Wednesday, April 2, 2014


By Ronald J. Caldwell, PhD, Professor of History Emeritus

April 2, 2014

It is useful at this point to remind ourselves of St. Paul's well-known admonition against Christians bringing lawsuits against fellow Christians. I Corinthians 6: 1-7 (NIV):  If any of you has a dispute with another, dare he take it before the ungodly for judgment...I say this to shame you...The very fact that you have lawsuits among you means you have been completely defeated already. These are sobering words indeed. In the light of what has happened in South Carolina, we would all do well to reread and contemplate St. Paul's words in this passage. Have two certain groups of Christians in South Carolina completely defeated themselves already? If so, shame.

Bishop Lawrence is a man who holds the Scriptures in very high esteem; the same for his lead lawyer, Alan Runyan, a former Baptist deacon and son of Baptist missionaries. Before the schism, Lawrence and his allies spent a great deal of time and energy criticizing the Episcopal Church for being non-Biblical (particularly on the parts about homosexuality). When the Presiding Bishop visited Charleston in 2008, Lawrence proceeded to read the Bible and to preach to her from it in front of the assembled clergy. And yet, on January 4, 2013, Lawrence decided he had to do what St. Paul had said in the Scriptures not to do, bring a lawsuit against fellow Christians. That was the first lawsuit filed in the contest between the two sides in South Carolina. For the next fifteen months the legal proceedings snowballed as the two sparring side pulled out all the stops to win in court. Shame.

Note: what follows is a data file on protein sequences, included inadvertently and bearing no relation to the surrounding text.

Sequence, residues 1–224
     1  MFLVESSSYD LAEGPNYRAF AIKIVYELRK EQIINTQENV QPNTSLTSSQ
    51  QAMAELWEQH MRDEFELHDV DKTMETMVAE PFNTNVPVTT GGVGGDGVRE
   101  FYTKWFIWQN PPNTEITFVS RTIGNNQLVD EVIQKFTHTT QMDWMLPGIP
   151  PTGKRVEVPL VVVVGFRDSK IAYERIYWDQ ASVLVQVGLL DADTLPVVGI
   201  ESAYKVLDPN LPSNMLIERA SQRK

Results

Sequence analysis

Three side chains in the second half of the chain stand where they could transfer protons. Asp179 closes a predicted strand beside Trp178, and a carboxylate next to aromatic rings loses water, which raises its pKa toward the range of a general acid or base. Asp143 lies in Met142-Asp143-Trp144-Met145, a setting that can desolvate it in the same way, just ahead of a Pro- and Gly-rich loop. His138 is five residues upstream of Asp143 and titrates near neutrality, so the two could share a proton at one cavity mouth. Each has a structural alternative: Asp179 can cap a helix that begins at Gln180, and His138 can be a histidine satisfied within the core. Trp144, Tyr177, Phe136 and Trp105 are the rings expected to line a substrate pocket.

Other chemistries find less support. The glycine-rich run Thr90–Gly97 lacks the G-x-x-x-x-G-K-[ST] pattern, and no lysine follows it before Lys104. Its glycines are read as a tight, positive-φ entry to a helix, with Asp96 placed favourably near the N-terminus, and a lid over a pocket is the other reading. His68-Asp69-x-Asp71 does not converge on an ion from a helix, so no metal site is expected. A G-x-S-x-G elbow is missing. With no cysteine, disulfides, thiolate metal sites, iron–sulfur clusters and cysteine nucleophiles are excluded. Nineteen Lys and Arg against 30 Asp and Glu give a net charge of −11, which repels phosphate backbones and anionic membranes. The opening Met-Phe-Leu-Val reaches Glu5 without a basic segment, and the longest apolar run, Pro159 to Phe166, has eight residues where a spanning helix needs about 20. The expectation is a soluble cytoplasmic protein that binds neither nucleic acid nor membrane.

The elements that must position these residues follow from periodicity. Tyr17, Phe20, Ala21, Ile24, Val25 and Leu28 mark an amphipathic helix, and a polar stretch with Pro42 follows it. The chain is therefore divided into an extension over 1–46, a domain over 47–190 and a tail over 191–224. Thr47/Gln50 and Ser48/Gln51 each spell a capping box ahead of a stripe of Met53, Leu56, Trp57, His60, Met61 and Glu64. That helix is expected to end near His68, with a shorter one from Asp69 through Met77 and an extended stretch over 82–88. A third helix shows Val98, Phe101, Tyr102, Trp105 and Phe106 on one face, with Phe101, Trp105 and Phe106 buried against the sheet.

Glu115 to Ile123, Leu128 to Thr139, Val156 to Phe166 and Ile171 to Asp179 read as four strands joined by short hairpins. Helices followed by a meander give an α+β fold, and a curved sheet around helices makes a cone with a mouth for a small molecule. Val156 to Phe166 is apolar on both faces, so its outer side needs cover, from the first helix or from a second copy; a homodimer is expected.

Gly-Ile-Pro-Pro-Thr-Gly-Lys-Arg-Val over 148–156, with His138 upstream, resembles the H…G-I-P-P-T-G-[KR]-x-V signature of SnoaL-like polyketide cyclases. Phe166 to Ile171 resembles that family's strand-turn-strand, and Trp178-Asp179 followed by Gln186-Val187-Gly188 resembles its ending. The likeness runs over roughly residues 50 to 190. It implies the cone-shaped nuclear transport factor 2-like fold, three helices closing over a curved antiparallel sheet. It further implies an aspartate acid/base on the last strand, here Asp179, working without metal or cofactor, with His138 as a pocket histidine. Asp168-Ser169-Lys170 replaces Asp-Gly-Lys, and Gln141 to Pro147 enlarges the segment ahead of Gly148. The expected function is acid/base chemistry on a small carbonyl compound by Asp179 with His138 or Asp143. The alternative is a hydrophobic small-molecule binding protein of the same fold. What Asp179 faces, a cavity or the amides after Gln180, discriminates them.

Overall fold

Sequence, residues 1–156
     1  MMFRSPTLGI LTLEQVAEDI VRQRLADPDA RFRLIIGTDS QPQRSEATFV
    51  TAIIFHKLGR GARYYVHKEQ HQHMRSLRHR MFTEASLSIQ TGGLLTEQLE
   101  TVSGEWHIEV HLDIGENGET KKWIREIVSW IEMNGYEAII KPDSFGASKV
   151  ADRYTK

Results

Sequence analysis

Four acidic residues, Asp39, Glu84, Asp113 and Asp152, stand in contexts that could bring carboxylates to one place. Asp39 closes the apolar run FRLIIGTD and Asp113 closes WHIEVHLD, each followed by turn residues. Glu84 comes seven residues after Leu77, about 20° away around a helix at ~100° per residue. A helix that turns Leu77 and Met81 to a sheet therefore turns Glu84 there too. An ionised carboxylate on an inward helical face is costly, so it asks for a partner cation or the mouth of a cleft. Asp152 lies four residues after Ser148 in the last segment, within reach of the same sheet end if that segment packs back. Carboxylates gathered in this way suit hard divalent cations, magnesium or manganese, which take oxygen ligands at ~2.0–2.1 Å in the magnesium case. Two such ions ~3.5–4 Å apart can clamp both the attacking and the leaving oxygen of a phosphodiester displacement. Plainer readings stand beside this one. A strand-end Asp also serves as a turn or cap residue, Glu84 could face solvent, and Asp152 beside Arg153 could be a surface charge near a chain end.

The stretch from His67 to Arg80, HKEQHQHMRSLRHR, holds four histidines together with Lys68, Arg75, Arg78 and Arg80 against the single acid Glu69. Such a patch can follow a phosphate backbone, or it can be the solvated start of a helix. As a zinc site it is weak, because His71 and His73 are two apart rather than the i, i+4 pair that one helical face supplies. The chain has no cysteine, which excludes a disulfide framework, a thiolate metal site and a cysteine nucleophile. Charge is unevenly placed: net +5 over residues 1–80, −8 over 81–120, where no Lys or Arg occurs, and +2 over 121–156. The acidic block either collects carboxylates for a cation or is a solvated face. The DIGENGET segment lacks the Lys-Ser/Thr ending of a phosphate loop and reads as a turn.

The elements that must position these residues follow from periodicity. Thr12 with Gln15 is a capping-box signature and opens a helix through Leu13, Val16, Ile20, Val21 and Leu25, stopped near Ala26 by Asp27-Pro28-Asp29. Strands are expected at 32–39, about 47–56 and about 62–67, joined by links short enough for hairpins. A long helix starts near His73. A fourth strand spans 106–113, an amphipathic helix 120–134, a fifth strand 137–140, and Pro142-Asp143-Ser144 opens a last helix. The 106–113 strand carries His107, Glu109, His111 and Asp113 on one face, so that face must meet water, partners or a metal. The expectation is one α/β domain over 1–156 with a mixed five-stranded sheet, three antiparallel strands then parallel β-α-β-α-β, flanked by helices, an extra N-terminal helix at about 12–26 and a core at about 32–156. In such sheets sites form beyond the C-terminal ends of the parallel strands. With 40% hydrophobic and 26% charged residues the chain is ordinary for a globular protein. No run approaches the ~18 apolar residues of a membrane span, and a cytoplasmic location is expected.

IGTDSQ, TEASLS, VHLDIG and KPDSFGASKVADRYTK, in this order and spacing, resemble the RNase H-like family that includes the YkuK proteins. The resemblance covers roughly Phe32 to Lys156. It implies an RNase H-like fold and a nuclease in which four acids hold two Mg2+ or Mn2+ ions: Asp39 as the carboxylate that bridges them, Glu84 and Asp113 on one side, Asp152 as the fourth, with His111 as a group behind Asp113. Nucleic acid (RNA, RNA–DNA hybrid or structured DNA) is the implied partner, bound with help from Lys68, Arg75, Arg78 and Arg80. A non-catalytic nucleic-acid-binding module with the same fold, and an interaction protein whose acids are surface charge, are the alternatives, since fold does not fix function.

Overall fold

In sum, the lawsuits are about legitimacy. Each diocese claims to be the only legal and legitimate continuation of the old Episcopal diocese in lower South Carolina and therefore entitled to all the rights and properties of the pre-schism diocese. They have gone to court to get judicial rulings to validate their claims alone and therefore to invalidate their rival's claim. This is a contest between two institutional units. Yet, all along it has been disturbingly personal and is ever becoming more so. Shame.

A simple review of the "Chronology" post on this blog shows the unfortunate personalization of the dispute. In August of 2012, a committee of fourteen persons filed a complaint against the actions of Bishop Lawrence with the Disciplinary Board for Bishops. The Board reviewed the case and agreed that Lawrence had abandoned the communion of the Episcopal Church. Amid loud protests that Lawrence was being deprived of due process by not knowing his accusers, the names were revealed publicly in October. Lawrence's supporters sneered at the fourteen as a small band of  malcontents from the dissident minority called the Episcopal Forum. Shame.